The one point in the China trade negotiations where few Americans disagree with Trump is the necessity for China to respect our intellectual property rights. This issue also highlights the significant difference in our political cultures.

We recognize individual property rights including the ideas of the individual when they are secured by copyrights and patents. This has been jet fuel for our economic engine and is the reason we are such a prolific innovator. The lack of recognition and respect for individual property rights is the main reason communist countries were economic laggards.

China’s flirtation with capitalism has paid great dividends, but it is top down driven, more resembling mercantilism than capitalism. While they have recognized the need to respect ‘material’ property rights, they still lack the political rights and the culture of individualism that drives our political culture.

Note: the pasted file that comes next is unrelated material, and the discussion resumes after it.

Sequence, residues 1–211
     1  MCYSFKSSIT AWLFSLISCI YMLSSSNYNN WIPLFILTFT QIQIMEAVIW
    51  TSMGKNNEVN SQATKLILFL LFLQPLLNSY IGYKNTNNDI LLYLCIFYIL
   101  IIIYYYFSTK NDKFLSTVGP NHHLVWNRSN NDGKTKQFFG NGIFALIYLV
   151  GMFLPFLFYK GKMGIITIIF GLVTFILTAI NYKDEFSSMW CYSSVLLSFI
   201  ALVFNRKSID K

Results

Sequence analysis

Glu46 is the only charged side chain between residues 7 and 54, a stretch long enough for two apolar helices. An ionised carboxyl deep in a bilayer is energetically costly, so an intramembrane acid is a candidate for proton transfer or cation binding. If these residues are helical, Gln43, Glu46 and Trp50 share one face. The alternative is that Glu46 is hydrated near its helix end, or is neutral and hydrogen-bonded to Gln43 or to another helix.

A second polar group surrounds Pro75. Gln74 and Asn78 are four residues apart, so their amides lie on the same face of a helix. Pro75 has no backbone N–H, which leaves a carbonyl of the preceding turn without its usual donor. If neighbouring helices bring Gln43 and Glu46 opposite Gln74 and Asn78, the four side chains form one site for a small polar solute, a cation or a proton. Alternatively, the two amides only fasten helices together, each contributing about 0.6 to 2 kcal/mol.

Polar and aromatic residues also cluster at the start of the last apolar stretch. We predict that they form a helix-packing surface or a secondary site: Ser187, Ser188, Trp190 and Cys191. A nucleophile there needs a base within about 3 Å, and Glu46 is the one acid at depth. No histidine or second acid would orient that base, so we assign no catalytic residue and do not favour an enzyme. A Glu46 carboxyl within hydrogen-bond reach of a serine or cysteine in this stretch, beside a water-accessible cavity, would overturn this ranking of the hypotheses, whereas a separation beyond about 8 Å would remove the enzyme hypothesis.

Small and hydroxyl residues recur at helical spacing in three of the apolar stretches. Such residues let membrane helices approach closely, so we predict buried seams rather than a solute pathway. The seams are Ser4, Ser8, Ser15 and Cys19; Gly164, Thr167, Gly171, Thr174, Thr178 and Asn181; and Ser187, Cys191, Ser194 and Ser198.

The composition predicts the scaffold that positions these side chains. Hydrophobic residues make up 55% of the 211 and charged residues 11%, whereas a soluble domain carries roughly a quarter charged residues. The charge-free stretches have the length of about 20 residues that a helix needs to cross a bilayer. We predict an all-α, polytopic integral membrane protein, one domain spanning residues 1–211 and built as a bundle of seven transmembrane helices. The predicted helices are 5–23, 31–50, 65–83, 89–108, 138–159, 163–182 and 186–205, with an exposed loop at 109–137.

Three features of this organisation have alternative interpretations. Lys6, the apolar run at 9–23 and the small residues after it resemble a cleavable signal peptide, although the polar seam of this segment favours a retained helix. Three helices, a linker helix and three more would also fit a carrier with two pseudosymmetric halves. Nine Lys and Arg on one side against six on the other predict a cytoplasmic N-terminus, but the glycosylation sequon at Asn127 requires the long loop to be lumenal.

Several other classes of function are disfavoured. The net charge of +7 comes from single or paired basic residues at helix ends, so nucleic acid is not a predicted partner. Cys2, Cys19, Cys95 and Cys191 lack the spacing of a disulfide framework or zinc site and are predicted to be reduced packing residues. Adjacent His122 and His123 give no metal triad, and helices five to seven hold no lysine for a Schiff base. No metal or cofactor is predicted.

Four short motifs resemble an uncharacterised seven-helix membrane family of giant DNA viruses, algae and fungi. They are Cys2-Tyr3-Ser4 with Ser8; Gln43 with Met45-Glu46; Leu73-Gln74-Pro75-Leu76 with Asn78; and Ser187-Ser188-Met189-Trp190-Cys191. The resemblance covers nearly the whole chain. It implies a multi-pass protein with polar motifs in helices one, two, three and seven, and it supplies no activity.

They likely do not recognize the legitimacy of individual ideas as property. For them it is not theft, it is a stark difference in political culture. Trump may think he is seeking simple economic fairness, but he is really asking for China to change its civic culture. This is a challenging reconciliation.

Our early experience with capitalism was Calvinist driven; work and production was considered God’s work, but conspicuous consumption was morally discouraged. This culture of production driven economic growth remained, but culturally our economy is now more consumer driven, perhaps to a fault. The Keynesian focus on centrally controlled demand overestimates the effect of demand and the ability of a large central government to control it like the dials on a radio.

Innovation comes from a culture and political system that respects ideas from everyone regardless of class and protects them as much as other material property. Such a system requires much greater roots in a society than the Chinese version of capitalism.